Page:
Bare-Root Tree Planting to Celebrate Arbor Day

Step-by-step instructions describing how to plant a bare-root tree.

This year, to celebrate Arbor Day, we’re dispersing 50 sugar maple seedlings to our community for free. We purchased the trees from the Arbor Day Foundation, a non-profit that works to create a greener world through tree planting and education.

Our Project Managers will have the seedlings available as they travel their routes across King County. Distribution starts April 9 and will go until our supply runs out.

If you’d like a sugar maple for you or someone you know, email us at We'll arrange a time for you to come pick up your tree(s).

Did you receive a tree from us and need to know what to do next? See below for step-by-step instructions on how to prepare and plant your maple tree.

We’d love to see how this tree benefits your outdoor space. Tag us on social media and use the hashtag #LoveYourTrees to show us once it’s planted and as it grows!

Pre-planting Guide for your bare-root tree

  1. Your first thought after receiving your tree may be, “Oh no! Is my tree dead?” Even though your tree looks skimpy and bare right now, it should be alive, just sleeping. To make sure, do a tiny scratch test on the bark. If you scratch and see green, your tree is alive.
  2. Right tree, right place” is an important adage when planning where to plant your tree. This is a sugar maple, which can mature as large as 60-70’ tall and 40-50’ wide. Try to find a spot on your property where the tree can enjoy full sun or partial shade.
  3. Always call 811 before you dig! 811 will check under where you’re planning to plant to make sure it’s clear of utility lines. We call 811 before every stump grind to make sure it’s safe.

Planting Guide for your bare-root tree

  1. Free your tree from its compostable planter.
  2. Carefully shake the dirt off the tree’s roots and detangle. Be careful not to let the roots dry out before planting.
  3. Dig a wide hole. Now make it wider. Yes, even wider. Even though your tree is teeny-tiny right now, its roots will grow outward. To avoid root crowding, your tree needs a hole 3’ in diameter to snuggle into. Keep the soil you dug out, you’ll use it later.
  4. graphic depicting three trees, first with a root collar planted too low, just right, and then too high.

    Plant your new tree's root collar just below the tree surface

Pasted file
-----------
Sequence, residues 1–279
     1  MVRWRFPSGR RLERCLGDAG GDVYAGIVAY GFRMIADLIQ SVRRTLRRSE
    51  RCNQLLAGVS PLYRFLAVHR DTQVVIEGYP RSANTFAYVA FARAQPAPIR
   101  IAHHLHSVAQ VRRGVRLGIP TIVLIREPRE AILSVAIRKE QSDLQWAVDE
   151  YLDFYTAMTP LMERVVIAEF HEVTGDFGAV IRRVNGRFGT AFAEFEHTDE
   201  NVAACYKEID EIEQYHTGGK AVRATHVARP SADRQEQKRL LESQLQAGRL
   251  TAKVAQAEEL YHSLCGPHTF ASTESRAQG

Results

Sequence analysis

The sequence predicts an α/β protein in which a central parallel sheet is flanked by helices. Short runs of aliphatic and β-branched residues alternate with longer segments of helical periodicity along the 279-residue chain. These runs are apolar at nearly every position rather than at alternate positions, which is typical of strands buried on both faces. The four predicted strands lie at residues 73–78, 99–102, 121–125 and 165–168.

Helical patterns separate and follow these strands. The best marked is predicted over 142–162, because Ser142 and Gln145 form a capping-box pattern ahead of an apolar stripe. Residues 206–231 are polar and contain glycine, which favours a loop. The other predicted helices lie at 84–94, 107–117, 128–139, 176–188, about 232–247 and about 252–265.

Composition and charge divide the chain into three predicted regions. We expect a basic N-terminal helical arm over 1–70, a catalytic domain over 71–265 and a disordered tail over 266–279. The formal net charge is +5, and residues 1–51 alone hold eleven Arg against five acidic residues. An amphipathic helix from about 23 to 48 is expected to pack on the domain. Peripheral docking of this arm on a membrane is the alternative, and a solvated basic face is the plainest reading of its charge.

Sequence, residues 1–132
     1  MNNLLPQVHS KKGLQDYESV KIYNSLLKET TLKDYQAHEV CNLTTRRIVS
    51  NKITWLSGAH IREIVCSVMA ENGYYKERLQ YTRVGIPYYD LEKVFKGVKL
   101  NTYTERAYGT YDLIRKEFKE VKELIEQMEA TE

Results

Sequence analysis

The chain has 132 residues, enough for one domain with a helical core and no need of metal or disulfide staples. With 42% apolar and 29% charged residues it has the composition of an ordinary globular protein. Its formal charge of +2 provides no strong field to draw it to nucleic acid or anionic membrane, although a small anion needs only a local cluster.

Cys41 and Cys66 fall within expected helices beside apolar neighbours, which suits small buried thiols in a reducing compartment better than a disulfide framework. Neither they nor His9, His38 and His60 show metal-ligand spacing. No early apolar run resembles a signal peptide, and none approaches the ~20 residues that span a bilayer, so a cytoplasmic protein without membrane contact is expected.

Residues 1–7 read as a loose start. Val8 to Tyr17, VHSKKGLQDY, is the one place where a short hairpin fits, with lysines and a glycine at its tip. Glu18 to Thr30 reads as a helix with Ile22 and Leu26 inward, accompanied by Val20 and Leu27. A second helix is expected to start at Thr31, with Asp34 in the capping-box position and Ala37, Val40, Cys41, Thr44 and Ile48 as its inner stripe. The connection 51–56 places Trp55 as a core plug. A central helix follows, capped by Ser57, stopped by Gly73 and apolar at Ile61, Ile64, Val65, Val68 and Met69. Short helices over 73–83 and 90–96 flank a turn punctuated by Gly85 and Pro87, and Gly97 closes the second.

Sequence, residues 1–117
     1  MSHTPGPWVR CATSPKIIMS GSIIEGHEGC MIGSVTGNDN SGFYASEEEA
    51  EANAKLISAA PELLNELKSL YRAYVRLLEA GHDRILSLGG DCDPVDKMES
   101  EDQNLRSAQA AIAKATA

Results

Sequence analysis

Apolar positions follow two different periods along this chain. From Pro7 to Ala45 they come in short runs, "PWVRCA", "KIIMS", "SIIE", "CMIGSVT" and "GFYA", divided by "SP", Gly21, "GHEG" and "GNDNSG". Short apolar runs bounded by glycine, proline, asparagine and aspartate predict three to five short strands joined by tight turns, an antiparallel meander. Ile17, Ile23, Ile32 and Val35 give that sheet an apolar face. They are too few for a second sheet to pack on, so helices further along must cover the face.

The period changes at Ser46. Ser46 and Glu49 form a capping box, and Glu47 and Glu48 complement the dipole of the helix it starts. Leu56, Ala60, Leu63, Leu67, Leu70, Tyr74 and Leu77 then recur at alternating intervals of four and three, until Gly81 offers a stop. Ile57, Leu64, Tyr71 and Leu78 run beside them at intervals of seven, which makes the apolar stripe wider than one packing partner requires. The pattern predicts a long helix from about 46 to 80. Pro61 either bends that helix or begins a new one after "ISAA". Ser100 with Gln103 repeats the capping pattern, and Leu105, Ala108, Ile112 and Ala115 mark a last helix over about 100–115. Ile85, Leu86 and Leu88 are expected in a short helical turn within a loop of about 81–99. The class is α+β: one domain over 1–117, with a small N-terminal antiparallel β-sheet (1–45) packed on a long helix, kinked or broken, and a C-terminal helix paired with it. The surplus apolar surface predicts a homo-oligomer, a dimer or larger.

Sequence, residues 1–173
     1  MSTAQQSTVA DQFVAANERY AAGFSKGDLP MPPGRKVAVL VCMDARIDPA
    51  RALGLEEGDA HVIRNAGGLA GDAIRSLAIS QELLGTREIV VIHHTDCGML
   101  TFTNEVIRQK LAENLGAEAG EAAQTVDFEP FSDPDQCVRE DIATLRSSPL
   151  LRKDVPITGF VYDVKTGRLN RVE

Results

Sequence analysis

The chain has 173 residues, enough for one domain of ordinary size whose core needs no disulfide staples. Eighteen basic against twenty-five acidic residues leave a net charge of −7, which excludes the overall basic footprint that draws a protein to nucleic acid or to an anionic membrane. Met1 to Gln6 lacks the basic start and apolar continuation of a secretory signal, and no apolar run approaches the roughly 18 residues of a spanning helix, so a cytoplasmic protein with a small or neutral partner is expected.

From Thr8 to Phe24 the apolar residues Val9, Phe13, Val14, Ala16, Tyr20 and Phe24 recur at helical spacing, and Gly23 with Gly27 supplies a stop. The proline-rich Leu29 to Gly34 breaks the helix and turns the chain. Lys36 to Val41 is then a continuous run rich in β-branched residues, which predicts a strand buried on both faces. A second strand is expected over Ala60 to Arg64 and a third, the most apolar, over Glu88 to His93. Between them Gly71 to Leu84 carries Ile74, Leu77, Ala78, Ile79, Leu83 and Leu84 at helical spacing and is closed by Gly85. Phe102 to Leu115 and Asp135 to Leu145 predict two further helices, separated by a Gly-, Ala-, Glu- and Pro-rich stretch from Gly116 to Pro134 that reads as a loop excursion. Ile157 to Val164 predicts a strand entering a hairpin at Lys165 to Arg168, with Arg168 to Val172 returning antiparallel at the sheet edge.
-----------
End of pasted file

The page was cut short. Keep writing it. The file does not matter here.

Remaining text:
Holding the top of the trunk in your hand, find the spot where the first roots show, known as the root collar. This collar should be only just covered by the soil. Place the tree in the hole you’ve dug. Make sure the tree is not set deeper than the soil surrounding it.
  5. Replace the soil you dug out. No need to add fertilizer, sand, or peat moss. It’s better to go au naturel. The soil should be firm but not rigidly packed.
  6. Build a water basin around your tree & give it plenty of water.
  7. Once the water has soaked in, add a protective mulch barrier around your tree. We are providing a small bag of STC arborist mulch with each tree, but you’ll likely need a bit more. Leave your tree some breathing room, though. Don’t let too much mulch cover the trunk.
  8. If weather is uncharacteristically dry during the tree’s first year, give it a generous amount of water every 7-10 days. You’re looking for moist not soaked soil. See our blog post about more tips for watering your newly planted tree.
  9. Congratulations! Your tree is planted. Now is the hardest part: Time to be patient!

Enjoy your tree! And please plant responsibly.

Kelsey Gruenwoldt

Kelsey is the owner and CEO of Seattle Tree Care, a Certified Arborist, and founder of the Seattle Arborist Association. As a fourth-generation Seattle native, she has a great appreciation for this beautiful region and is dedicated to making sure our area's trees receive the best care possible. + Learn more about Kelsey

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